And I suppose I should warn folks that the floor of their oven might bend a bit with the practice of throwing water on it.  Keeping a sheet pan on the floor of the oven might be a better practice. If my oven were better or more expensive, I'd probably make a point of that. As it is, I may just be subconsciously hoping for a reason to persuade my husband we need a new one.  :biggrin:

I also subscribe "just throw some water directly on the floor of the oven" school of thought. I use hot water. If I cared about the oven I'd use a sheet pan or giant cast iron skillet on the bottom rack.

Jon

--formerly known as 6ppc--

Link to comment
Share on other sites

I also subscribe  "just throw some water directly on the floor of the oven" school of thought. I use hot water. If I cared about the oven I'd use a sheet pan or giant cast iron skillet on the bottom rack.

I use an old broiler pan, the heavy enameled kind, and I preheat it before adding ice water to it. This pan can take rough treatment.

Link to comment
Share on other sites

I used a cast iron pan. My ovens are pretty expensive, and new. :biggrin: I've got the Cinnamon Raisin bread sans walnuts cooling on racks at the moment. I did the cinnamon swirl as well and I coated the top in butter and cinnamon sugar.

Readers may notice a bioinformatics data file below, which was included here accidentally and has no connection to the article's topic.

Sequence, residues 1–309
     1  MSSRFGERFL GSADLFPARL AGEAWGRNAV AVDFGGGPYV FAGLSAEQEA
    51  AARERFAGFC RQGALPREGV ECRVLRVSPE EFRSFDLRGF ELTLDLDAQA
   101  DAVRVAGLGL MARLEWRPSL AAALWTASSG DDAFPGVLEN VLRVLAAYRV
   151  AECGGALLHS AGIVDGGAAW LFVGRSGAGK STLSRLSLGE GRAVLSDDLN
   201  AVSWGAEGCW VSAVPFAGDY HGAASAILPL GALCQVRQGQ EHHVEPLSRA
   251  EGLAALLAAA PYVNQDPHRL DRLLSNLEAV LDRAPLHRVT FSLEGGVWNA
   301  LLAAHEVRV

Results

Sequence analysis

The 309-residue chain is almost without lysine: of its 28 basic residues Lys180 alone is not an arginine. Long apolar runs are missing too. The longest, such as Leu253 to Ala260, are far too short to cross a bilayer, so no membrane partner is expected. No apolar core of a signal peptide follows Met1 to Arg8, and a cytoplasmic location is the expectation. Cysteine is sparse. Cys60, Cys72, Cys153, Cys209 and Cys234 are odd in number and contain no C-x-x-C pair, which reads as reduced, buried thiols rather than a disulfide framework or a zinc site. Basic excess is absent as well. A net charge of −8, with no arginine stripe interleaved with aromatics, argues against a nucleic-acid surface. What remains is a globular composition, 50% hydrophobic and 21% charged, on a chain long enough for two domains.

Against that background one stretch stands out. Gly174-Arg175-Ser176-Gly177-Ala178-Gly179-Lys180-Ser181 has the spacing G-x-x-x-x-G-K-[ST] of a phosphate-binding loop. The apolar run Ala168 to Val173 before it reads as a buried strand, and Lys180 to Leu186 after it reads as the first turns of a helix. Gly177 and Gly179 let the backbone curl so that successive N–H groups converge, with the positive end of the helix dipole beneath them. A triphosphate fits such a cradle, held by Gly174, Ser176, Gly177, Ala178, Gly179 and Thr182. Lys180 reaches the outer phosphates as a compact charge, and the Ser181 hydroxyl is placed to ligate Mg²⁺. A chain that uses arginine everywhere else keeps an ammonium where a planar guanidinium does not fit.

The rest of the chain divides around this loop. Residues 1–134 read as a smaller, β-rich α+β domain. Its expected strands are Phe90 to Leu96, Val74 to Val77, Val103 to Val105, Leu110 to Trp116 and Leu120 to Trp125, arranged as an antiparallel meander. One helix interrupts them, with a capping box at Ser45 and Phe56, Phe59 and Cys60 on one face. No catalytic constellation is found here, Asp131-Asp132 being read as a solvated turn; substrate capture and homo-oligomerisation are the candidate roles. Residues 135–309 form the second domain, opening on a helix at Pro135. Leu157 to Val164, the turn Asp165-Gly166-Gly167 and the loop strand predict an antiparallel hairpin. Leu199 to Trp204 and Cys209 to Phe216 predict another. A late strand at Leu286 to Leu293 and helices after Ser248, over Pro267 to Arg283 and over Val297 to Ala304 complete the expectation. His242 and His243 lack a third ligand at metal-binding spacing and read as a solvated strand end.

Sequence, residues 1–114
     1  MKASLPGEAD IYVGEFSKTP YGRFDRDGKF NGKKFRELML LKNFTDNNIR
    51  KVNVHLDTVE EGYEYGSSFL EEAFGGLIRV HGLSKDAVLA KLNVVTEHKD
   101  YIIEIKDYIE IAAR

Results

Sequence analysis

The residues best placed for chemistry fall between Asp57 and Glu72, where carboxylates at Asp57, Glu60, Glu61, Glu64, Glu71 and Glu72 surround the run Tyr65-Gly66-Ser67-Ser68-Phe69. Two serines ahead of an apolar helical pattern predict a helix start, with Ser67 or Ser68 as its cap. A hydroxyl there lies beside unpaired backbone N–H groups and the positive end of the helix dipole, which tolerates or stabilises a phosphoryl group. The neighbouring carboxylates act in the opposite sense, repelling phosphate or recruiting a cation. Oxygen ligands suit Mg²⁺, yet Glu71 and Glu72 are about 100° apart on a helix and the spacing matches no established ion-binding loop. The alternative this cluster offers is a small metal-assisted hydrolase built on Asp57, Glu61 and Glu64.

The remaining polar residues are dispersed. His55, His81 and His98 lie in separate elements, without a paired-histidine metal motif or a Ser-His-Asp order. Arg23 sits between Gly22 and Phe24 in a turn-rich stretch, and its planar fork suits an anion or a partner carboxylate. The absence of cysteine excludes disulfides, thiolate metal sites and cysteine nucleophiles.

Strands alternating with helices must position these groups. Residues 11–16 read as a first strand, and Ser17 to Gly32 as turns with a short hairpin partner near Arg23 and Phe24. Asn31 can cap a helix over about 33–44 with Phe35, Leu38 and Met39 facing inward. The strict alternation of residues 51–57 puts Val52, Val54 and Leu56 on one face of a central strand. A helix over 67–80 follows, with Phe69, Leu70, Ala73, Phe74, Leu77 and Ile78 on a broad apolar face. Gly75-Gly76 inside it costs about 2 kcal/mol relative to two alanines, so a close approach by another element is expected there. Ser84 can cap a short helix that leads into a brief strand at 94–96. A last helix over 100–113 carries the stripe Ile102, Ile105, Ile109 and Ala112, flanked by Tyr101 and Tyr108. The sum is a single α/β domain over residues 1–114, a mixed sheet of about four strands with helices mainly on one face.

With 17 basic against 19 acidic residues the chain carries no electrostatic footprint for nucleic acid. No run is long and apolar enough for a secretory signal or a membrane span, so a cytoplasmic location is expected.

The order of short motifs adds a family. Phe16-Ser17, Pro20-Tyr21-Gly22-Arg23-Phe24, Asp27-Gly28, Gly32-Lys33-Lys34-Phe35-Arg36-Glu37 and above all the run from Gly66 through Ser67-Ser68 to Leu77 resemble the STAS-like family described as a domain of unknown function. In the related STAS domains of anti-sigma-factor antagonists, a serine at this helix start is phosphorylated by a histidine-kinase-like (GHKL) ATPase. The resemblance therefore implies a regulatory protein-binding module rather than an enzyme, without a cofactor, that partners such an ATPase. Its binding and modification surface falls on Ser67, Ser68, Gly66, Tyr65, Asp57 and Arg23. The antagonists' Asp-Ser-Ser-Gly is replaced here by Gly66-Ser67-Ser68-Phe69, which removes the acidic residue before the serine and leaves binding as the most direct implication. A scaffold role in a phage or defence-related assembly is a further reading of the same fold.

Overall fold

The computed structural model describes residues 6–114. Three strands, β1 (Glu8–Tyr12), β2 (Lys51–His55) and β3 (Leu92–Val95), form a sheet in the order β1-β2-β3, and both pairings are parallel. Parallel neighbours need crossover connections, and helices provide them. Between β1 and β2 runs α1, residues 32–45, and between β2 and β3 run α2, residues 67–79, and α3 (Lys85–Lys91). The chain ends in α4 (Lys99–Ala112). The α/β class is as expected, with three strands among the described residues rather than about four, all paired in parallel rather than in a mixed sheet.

Marlene

cookskorner

Practice. Do it over. Get it right.

Mostly, I want people to be as happy eating my food as I am cooking it.

Link to comment
Share on other sites

 Share

  • Similar Content

    • By Rushina
      What would you like to be included in a cookbook you classify as a "good cookbook"?
      Rushina
    • By Multiwagon
      Other than the three written by Michael Ruhlman, which I have read and loved, what other books are out there that are about cooking, but not cookbooks?
    • By jimb0
      i had a whole post typed up, but alas, it's been lost.
       
      i searched the forums but didn't find a thread dedicated to fried breads, thus.
       
      yesterday, i fried up some toutons to go with a beet soup. toutons are the popular newfoundland version of fried bread, historically made with bits of dough left overnight and fried in the morning with salt pork fat. like in the south, they were/are often served with molasses, butter, and/or beans. on the rock you'll find any number of restaurants serving them, some of which have a whole touton menu with various toppings or spreads. a lot of restaurants deep fry them instead of pan fry them out of ease of cookery, which has become a point of contention among many newfoundlanders.